Can I Put Potting Soil In My Compost?
Potting soil can be added to your compost as long as it wasn’t where a diseased flower or plant had previously been growing. It would also be beneficial to pasteurize your potting soil before adding it to the compost. This will help to deactivate any pathogens and kill unwanted seeds.
Potting soil with diseased plants
You should avoid adding potting soil that had previously been the home to diseased plants to your compost pile. This is because the potting soil is highly likely to contain the disease that affected the plant. If you suspect that your potting soil may carry a disease then to ensure this isn’t passed to other plants, this soil should be discarded.
If you’re sure that the soil doesn’t contain any diseased plant debris, or housed a diseased flower then you will be able to add it to your compost. However, before you add it to your compost you should sterilize your soil to get rid of any nasties that may be living in it.
How to pasteurize your soil
Any old potting soil that you wish to reuse in your compost should be treated via a process called pasteurization. You can pasteurize your soil from the comfort of your own home and remove any unwanted inhabitants that might be living in the soil.
Pasteurizing is the process by which gardeners sterilize their old potting mixes. The process helps to increase the health of your soil and ensure the survival rate for new seedlings during the germination period. It will kill off any pathogens, unwanted seeds, and any insect eggs or larvae that have made their home in your soil.
To do this you will need to load the potting soil you wish to reuse into a black garbage bag. Then you will need to place the bag in the sunniest part of your garden as you need to bake the bag in the sunlight. Try to find an area that will be in the sun for the longest amount of time. It’s best to use a black bag as black absorbs more of the heat from the sun. Once that’s done, all you need to do is leave the bag for about a week.
After a week has passed you can now safely add the potting soil to your compost and there will be no threat of contamination. This pasteurization technique replicates what happens in your compost pile but it accelerates the process and removes any chance of contaminating the mixture.
How to replenish the nutrients in potting soil
This may depend on the quality of the potting soil you used, but your soil will likely be depleted of the nutrients it once contained. Even high-quality potting soil can be drained of its nutrients at the end of the growing season. If you want to reuse your soil then adding it to your compost pile, or creating a new one will help the soil build-up its nutrients again.
If you already have compost then you can simply add the potting soil and mix, as long as the soil has been treated for pathogens. Alternatively, if you are looking to build a compost mixture using this potting soil then you should add manure, leaves, coffee grounds, grass, and any old vegetables you have.
Leave it all to decompose in a bin or a pile over the summer ready for use in your next growing season. The decomposition will slow down over the winter so you may need to find a way to keep the compost pile warm. You can do this with a bin with a roof, or using a piece of tarp to cover it.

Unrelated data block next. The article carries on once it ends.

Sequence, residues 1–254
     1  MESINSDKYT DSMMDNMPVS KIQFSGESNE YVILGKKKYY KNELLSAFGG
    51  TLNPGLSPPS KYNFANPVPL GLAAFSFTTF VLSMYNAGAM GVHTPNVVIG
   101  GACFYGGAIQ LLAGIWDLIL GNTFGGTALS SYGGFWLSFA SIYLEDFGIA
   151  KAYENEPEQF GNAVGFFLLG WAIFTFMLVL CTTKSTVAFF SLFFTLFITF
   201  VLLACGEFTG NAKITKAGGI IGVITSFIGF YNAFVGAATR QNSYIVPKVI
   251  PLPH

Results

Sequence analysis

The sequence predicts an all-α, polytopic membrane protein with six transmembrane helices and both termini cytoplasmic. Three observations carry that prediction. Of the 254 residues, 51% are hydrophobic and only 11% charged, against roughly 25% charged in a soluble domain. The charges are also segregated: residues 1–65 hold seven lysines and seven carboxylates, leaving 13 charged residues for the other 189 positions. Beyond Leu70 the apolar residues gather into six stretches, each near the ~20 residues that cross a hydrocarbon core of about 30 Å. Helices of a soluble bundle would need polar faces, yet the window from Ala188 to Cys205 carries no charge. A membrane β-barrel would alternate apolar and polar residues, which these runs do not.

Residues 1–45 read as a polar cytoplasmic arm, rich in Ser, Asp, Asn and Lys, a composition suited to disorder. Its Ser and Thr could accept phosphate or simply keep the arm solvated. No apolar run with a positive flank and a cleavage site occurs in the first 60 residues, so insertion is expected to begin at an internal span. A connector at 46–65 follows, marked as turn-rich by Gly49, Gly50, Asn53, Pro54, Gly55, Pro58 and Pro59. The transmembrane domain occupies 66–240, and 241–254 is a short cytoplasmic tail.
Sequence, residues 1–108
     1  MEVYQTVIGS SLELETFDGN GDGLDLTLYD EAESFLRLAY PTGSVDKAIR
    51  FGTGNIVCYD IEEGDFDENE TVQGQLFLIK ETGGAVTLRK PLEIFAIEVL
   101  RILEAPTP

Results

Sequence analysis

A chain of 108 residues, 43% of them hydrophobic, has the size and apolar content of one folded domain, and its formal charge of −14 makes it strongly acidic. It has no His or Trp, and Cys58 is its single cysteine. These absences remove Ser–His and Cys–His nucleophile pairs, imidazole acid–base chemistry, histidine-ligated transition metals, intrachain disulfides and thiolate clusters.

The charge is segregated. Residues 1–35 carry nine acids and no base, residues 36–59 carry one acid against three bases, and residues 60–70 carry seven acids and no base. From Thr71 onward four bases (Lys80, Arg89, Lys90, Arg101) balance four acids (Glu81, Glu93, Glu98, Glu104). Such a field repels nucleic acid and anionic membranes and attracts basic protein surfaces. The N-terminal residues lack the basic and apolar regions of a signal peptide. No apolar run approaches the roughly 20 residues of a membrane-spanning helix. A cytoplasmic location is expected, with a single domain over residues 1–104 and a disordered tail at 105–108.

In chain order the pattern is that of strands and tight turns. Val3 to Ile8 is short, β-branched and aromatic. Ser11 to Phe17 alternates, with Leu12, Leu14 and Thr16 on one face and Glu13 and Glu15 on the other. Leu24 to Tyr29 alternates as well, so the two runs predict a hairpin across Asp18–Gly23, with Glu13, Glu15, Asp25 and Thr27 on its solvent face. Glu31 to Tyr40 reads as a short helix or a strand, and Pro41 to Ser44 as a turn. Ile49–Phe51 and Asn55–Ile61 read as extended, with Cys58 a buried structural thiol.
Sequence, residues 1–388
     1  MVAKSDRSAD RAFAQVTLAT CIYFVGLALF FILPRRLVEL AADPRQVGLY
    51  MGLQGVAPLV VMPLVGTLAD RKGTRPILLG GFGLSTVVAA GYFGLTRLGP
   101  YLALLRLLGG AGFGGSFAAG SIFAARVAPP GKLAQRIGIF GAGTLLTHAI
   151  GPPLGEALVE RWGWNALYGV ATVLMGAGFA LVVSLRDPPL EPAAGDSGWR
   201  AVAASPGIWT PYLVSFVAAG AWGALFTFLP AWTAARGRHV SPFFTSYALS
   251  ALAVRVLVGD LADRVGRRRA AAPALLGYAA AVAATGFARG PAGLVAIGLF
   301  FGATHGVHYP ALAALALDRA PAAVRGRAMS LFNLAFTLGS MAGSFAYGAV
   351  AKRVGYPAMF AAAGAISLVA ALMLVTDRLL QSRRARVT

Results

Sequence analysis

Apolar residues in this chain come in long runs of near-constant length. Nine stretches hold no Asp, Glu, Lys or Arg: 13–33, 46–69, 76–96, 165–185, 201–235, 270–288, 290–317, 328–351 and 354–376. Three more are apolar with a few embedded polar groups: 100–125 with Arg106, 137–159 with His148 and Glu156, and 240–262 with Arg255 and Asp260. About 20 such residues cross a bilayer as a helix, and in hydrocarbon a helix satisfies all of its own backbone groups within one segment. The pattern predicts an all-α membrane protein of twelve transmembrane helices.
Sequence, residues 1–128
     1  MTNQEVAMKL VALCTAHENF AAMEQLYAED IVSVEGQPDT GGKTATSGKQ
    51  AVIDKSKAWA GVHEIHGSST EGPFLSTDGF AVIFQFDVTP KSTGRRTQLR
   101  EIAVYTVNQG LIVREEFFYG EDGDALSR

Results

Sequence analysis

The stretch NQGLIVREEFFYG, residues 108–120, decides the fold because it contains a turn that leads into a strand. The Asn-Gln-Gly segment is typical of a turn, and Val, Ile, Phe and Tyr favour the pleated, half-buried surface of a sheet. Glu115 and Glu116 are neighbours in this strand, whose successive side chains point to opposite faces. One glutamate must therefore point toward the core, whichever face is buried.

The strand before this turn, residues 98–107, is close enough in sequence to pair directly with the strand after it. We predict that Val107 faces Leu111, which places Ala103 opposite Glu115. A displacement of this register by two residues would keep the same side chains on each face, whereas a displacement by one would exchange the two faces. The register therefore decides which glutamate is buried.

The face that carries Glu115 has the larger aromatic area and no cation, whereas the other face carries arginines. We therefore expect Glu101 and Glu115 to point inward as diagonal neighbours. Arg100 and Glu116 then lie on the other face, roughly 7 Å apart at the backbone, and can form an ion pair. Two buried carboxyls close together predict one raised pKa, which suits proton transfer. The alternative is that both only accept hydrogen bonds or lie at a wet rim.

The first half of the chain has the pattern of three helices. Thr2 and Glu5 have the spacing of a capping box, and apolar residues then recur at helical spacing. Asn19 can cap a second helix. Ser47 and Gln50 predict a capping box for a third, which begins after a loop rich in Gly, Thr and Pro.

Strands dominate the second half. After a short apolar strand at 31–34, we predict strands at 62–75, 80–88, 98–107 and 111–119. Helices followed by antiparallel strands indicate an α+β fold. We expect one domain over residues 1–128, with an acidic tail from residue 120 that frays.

What should you not put in your compost?
Aside from soil that contains/contained diseased plants, there are a few more things that you should NOT add to your compost pile.
- Pet faeces. Although manure from farm animals is great for compost, pet faeces isn’t. It may contain parasites or germs that could kill your plants.
- Meat, fish, eggs, and dairy products. Not only will these have odor problems, they will likely attract all manner of pests that could be harmful to your compost.
- Coal or charcoal and black walnut tree leaves and twigs. They contain substances that will be harmful to your plants.
- Fats and oils. You will attract pests and there will be odor problems.
- Garden debris that has been treated with pesticides. Anything that has been treated with pesticides will likely kill the composting organisms.
Is it OK to put potting soil in my garden?
Potting soil isn’t the best thing to use in your garden, you should consider topsoil instead. The potting soil is best when it is used with plant containers. If you combine your potting soil with the soil outdoors then it can cause your garden soil to dry out as potting soil drains particularly well.
Topsoil is a better choice to combine with your outdoor soil as it contains a wider range of materials. It mixes better with the soil already in your garden. However, if your garden plants are in containers then you should stick with potting soil.
Is there a difference between potting soil and potting mix?
You’ll find in most instances that these two phrases are interchangeable. They both refer to the medium in which plants in a container can grow. However, there is a slight difference between the two.
Potting mix refers to any mixture that is soil-less but was specifically designed for gardening inside containers. Potting soil on the other hand should contain some dirt but is also generally designed for use inside a container.
If you have old potting soil that you want to reuse in your compost, you can. Just make sure to pasteurize before adding to the mixture. If your potting soil had previously homed diseased plants then it should be discarded.
As long as you keep these things in mind, you can reuse the potting soil in your compost and that will help it regain its nutrients.